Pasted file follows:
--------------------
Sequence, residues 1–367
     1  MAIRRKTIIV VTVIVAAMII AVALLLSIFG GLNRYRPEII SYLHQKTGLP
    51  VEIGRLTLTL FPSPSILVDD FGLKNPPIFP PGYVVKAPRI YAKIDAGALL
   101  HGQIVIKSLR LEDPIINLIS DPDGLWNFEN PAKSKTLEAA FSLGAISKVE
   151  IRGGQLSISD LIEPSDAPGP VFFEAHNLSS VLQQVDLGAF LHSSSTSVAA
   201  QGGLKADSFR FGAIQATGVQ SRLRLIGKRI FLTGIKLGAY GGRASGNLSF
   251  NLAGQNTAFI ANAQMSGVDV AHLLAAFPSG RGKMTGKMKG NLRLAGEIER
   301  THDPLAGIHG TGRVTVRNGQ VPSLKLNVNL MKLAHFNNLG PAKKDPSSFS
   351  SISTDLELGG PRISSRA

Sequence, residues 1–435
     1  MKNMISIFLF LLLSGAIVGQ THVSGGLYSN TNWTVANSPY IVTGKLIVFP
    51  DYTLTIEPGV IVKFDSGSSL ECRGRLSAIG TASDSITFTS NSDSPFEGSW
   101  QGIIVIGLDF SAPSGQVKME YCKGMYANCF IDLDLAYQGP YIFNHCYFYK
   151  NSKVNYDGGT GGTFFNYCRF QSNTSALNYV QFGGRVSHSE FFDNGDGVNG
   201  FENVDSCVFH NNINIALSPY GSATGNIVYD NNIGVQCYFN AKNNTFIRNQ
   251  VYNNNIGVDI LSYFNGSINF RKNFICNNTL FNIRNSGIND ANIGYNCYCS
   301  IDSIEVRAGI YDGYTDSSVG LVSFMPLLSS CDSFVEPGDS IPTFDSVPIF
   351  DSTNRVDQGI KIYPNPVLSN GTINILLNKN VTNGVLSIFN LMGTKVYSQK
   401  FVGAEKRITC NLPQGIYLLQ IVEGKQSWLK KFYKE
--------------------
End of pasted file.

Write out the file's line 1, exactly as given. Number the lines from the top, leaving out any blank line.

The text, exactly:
Sequence, residues 1–367